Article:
Conclusion

Conclusion

Vincenzo De Florio (PATS Research Group, University of Antwerp and iMinds, Belgium)
Copyright: © 2009 |Pages: 24
DOI: 10.4018/978-1-60566-182-7.ch011
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Abstract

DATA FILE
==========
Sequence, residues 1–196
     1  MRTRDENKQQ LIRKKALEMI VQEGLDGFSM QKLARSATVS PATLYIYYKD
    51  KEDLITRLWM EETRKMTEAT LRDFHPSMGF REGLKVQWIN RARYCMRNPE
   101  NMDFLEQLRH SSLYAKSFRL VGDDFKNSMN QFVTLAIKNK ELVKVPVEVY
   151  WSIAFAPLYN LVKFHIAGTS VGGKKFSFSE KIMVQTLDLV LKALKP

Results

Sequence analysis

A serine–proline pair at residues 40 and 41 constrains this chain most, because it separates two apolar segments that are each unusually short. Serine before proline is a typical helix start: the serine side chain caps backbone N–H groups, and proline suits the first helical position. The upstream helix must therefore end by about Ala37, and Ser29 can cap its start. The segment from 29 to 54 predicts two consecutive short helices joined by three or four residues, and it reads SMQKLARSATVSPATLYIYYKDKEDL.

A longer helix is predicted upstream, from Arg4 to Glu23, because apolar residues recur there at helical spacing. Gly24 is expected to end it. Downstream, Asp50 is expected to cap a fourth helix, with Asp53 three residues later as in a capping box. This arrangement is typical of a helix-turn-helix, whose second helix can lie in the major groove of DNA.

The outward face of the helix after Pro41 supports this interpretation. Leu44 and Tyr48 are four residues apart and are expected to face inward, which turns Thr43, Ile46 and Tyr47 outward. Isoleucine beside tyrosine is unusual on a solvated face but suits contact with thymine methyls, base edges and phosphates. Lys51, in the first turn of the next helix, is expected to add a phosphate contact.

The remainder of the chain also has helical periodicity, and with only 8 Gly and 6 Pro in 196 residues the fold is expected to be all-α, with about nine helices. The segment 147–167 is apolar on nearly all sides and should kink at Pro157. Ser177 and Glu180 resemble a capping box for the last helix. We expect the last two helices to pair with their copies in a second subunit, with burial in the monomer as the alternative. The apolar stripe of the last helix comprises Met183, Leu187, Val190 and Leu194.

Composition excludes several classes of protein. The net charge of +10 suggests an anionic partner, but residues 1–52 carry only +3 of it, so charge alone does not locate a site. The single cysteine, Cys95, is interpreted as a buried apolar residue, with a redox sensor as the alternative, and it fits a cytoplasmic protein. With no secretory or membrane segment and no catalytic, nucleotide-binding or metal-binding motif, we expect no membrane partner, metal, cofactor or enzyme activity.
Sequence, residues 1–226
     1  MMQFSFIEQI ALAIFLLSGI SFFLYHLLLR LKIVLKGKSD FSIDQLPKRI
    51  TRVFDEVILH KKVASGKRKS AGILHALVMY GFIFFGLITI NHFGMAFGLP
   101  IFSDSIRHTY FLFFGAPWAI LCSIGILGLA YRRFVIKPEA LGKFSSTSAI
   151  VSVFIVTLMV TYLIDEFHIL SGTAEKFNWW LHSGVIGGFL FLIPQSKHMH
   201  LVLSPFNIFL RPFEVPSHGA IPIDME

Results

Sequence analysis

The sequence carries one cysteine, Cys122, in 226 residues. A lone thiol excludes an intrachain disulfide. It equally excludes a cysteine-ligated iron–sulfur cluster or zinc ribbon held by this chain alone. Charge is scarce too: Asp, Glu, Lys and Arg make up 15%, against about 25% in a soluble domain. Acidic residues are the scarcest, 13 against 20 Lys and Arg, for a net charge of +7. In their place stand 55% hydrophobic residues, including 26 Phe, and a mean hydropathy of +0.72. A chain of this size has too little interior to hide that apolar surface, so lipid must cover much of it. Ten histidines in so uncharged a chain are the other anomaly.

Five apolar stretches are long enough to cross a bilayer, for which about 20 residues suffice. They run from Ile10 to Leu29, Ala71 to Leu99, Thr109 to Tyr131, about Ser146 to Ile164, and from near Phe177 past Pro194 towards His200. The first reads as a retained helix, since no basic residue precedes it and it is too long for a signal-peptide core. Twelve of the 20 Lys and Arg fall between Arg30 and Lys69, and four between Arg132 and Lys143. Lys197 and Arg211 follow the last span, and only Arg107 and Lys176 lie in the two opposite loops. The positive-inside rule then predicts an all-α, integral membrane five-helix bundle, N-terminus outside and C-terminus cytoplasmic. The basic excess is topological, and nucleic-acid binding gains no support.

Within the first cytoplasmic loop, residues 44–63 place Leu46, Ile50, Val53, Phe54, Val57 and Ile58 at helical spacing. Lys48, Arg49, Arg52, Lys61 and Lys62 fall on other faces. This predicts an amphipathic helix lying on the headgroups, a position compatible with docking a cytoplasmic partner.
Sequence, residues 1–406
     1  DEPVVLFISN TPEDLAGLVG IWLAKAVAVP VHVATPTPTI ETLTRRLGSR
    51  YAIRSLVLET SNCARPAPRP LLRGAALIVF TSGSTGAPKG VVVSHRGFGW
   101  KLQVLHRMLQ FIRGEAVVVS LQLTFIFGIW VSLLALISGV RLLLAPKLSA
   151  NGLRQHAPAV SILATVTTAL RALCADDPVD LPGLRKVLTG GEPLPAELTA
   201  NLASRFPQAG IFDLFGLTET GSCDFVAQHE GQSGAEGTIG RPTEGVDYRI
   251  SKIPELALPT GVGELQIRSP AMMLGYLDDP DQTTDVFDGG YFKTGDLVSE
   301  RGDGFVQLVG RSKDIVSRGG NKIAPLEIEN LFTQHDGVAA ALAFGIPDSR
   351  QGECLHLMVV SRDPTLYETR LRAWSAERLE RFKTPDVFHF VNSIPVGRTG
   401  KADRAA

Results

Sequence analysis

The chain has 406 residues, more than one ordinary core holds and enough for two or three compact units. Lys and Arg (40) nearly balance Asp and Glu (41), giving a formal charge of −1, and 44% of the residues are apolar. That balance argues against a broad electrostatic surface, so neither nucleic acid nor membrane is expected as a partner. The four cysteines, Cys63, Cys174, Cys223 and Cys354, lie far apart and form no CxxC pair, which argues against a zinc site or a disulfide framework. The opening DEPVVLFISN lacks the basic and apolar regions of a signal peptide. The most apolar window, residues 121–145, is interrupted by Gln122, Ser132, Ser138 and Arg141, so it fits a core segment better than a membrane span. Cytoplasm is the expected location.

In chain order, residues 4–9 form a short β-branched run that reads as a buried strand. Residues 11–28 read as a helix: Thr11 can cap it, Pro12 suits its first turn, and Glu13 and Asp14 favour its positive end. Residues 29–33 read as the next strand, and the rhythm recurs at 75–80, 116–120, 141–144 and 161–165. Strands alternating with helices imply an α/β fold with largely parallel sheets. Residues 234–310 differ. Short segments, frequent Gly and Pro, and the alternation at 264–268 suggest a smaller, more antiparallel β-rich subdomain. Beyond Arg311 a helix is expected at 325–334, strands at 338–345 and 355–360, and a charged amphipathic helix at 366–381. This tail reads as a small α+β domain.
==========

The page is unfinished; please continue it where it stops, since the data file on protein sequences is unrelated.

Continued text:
We have reached the end of our discussion about application-level fault-tolerance protocols, which were defined as the methods, architectures, and tools that allow the expression of fault-tolerance in the application software of our computers. Several “messages” have been given: • First of all, fault-tolerance is a “pervasive” concern, spanning the whole of the system layers. Neglecting one layer, for instance the application, means leaving a backdoor open for problems. • Next, fault-tolerance is not abstract: It is a function of the target platform, the target environment, and the target quality of service. The tools to deal with this are the system model and the fault model, plus the awareness that (1) all assumptions have coverage and (2) coverage means that, sooner or later, maybe quite later but “as sure as eggs is eggs,” cases will show up where each coverage assumptions will fail. • This means that there is a (even ethical) need to design our systems thinking of the consequences of coverage failures at mission time, especially considering safety critical missions. I coined a word for those supposed fault-tolerant software engineers that do not take this need into account: Endangeneers. Three well-known accidents have been presented and interpreted in view of coverage failures in the fault and system models. • Next, the critical role of the system structure for the expression of fault-tolerance in computer applications was put forth: From this stemmed the three properties characterizing any application-level fault-tolerance protocol: Separation of concerns, adequacy to host different solutions, and support for adaptability. Those properties address the following question: Given a certain fault-tolerance provision, is it able to guarantee an adequate separation of the functional and non-functional design concerns? Does it tolerate a fixed set of faulty scenarios, or does it dynamically change that set? And, is it flexible enough as to host a large number of different strategies? • Then it has been shown that there exist a large number of techniques and hence of system structures able to enhance the fault-tolerance of the application. Each of these techniques has its pros and cons, which we tried to point out as best as we could. We also attempted to qualify each technique with respect to the above mentioned properties1. A summary of the results of this process is depicted in Fig. 1. • Another key message is that complexity is a threat to dependability, and we must make sure that the extra complexity to manage fault-tolerance does not become another source of potential failures. In other words, simplicity must be a key ingredient of our fault-tolerance protocols, and a faulty fault-tolerant software may produce the same consequence of a faulty non fault-tolerant software—or maybe direr. • Finally, we showed with some examples that adaptive behavior is the only way to match the ever mutating and unstable environments characterizing mobile systems. As an example, static designs would make bad use of the available redundancy.